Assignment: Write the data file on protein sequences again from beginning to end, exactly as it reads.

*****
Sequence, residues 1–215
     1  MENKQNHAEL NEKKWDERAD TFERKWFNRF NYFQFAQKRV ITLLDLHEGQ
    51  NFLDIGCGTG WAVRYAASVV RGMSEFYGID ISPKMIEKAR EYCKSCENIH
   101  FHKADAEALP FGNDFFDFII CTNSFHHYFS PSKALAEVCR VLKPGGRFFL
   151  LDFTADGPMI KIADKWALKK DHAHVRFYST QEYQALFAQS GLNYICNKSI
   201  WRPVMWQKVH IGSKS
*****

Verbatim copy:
Sequence, residues 1–215
     1  MENKQNHAEL NEKKWDERAD TFERKWFNRF NYFQFAQKRV ITLLDLHEGQ
    51  NFLDIGCGTG WAVRYAASVV RGMSEFYGID ISPKMIEKAR EYCKSCENIH
   101  FHKADAEALP FGNDFFDFII CTNSFHHYFS PSKALAEVCR VLKPGGRFFL
   151  LDFTADGPMI KIADKWALKK DHAHVRFYST QEYQALFAQS GLNYICNKSI
   201  WRPVMWQKVH IGSKS